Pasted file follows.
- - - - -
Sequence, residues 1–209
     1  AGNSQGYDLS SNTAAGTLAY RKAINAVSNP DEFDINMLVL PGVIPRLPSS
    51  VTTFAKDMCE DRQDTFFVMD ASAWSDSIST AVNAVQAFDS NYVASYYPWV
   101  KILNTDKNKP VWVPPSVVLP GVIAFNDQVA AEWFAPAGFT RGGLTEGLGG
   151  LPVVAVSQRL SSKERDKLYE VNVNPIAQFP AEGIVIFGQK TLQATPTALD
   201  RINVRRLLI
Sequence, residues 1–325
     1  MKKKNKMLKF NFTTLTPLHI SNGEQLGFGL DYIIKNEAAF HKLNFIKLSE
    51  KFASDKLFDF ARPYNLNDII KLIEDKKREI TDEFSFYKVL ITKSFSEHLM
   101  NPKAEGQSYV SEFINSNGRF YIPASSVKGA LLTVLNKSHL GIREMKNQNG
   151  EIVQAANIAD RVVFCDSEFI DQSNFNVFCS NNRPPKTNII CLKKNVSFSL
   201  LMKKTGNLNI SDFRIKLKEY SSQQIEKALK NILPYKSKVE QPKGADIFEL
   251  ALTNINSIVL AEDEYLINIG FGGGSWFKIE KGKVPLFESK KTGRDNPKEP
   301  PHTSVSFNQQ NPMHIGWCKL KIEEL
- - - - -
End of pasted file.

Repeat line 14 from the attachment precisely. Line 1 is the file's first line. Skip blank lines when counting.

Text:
   301  PHTSVSFNQQ NPMHIGWCKL KIEEL